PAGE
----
We've all had to do it. As writers, it's a given. Letting go of some of our favorite scenes.
It's difficult, but at the end of the day we have to have a critical eye for our own work, and make the tough decisions. As much as we may love one scene in particular, we have to think to ourselves 'is this doing anything to further the plot and keeping the reader engaged, or does it mean something to me and only me?'.
I did a lot of cutting this weekend. Thanks to some great feedback (shout-out to Molly and also Melanie). I'd been putting off changes for a while, possibly because I'm lazy, or maybe just plain scared of the work I would have to do, but once I started it became easier. My story used to be over 128,000 words (ugh!) and it is now sitting pretty at 100,388. It's still high for YA, but oh my gosh, it's actually less than my projected number. It feels good. The story is tighter, it flows better, and is now officially in the YA category. My characters started off in the middle of their senior year, with the story ending after their first semester in college. I had multiplepeople tell me that it might be a bit too old for YA. So, I went back and changed the timeline, which I'm sure you can guess, required many other changes throughout the manuscript. Hence the reason I was putting it off.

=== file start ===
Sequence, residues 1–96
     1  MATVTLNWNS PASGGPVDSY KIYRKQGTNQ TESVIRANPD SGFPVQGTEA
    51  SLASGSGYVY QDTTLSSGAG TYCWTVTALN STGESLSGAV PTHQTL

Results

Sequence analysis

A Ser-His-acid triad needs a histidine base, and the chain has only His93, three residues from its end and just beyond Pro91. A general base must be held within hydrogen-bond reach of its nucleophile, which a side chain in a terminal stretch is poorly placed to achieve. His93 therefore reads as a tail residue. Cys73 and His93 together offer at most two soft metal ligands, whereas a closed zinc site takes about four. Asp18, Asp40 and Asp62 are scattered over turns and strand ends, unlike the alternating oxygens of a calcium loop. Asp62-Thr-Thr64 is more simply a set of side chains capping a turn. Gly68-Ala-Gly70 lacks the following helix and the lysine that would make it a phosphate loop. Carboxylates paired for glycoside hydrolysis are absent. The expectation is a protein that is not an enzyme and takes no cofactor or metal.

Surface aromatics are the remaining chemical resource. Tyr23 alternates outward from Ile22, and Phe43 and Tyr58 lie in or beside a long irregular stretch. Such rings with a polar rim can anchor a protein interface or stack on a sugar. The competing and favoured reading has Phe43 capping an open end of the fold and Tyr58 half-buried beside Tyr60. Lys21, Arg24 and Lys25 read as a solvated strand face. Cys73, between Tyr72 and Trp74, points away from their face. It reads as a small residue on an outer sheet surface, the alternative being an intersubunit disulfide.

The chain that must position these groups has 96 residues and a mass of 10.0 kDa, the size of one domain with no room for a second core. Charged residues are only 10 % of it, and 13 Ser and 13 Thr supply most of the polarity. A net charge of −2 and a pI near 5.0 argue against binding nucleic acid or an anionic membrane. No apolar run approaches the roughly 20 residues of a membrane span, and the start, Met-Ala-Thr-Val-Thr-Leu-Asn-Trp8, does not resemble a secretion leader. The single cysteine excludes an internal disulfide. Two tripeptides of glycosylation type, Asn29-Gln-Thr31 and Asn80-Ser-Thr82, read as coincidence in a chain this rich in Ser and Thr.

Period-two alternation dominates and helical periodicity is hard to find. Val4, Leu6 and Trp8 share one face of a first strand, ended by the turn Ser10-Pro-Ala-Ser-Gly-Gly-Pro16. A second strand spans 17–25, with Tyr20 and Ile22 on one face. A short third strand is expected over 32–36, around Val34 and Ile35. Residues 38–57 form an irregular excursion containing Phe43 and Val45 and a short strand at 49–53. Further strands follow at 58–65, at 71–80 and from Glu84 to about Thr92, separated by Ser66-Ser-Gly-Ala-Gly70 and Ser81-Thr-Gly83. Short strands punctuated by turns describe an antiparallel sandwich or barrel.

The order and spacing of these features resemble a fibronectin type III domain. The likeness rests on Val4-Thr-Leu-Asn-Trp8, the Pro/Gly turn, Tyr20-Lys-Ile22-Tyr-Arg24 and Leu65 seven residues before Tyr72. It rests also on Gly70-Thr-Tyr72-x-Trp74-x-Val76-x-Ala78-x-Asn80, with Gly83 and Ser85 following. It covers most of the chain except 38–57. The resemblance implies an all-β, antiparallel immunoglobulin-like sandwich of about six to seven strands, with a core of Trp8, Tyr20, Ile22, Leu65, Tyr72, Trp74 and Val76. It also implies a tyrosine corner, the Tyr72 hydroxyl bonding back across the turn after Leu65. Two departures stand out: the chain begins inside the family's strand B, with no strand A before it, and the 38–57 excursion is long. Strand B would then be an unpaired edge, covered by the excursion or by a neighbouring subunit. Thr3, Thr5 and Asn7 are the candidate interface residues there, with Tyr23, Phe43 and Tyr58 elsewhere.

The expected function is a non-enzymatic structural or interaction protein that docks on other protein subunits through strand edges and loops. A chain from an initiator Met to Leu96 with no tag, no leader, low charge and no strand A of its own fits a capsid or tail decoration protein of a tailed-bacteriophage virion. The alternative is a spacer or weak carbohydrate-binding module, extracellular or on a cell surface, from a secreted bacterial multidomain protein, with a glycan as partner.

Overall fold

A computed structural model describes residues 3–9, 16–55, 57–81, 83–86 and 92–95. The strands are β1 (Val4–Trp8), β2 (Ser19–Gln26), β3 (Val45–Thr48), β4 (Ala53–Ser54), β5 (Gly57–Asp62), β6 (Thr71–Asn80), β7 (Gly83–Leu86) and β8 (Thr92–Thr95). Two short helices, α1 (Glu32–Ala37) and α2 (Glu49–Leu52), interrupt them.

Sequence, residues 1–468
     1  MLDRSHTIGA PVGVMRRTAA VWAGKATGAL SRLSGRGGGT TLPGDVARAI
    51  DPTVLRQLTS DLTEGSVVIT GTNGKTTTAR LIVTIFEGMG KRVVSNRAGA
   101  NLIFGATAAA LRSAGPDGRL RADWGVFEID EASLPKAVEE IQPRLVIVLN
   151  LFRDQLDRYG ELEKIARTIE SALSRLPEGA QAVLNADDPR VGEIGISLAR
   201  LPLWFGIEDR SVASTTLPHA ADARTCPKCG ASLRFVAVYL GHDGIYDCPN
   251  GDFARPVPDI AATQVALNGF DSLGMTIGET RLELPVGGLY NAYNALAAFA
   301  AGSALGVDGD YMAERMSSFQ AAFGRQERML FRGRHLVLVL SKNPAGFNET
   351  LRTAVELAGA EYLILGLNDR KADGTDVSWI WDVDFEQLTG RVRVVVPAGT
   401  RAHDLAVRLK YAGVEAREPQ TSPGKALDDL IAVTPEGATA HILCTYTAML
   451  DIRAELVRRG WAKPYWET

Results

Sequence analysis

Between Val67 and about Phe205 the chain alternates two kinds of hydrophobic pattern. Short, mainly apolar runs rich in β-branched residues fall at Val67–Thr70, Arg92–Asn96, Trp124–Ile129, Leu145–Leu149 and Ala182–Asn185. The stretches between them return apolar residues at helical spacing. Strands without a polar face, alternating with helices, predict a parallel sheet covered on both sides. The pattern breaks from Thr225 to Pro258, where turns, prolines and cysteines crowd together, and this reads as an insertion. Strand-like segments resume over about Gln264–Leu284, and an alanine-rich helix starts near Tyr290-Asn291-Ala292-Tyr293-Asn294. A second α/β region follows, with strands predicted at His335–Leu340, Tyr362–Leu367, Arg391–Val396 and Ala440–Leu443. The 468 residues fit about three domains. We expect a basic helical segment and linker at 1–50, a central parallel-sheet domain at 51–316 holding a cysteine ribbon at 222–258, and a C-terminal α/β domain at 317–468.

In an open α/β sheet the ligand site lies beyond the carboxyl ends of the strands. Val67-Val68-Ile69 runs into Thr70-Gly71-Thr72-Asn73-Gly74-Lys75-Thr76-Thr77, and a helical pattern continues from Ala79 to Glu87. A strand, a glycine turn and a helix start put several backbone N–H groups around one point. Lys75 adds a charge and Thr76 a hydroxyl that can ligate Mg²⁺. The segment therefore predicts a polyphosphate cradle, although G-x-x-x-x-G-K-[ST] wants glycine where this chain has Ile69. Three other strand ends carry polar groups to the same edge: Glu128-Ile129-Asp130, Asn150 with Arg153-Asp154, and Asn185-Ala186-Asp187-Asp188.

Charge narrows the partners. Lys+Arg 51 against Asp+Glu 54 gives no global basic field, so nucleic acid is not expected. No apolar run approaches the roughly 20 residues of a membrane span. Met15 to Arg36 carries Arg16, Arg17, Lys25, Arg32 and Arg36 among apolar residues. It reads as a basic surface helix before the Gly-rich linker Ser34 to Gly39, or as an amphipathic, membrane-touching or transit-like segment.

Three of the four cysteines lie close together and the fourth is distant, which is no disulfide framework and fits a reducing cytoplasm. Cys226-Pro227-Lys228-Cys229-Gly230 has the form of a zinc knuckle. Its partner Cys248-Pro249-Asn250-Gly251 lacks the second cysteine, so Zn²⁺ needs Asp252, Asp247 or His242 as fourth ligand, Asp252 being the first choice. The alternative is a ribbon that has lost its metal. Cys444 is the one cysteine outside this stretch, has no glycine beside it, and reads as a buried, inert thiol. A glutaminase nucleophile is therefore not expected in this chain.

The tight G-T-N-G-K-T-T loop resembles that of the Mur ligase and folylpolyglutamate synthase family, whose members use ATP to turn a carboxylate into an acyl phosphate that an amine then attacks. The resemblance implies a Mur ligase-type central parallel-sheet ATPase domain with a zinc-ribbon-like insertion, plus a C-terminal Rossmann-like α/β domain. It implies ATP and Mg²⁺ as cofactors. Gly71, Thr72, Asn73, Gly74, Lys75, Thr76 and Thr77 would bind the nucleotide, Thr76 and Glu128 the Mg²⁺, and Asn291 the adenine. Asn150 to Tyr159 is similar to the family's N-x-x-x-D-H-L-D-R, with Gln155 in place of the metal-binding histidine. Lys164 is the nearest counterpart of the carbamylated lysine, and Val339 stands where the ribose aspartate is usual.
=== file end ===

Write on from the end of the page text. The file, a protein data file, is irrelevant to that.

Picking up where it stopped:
One of the reasons I saw things more clearly is because I haven't worked on Fire and Ice for a few months and I had fresh eyes. I know you've heard it a lot, but put your manuscript away for while, let it rest, give yourself a break, and when you get back you'll be able to spot those problematic areas. I'm glad I listened to the advice and faced my fears. I'm not completely done editing, I'm going to do one more sweep before feeling comfortable enough to send it out. But my manuscript is closer than its ever been before and that's both exciting and oh so scary.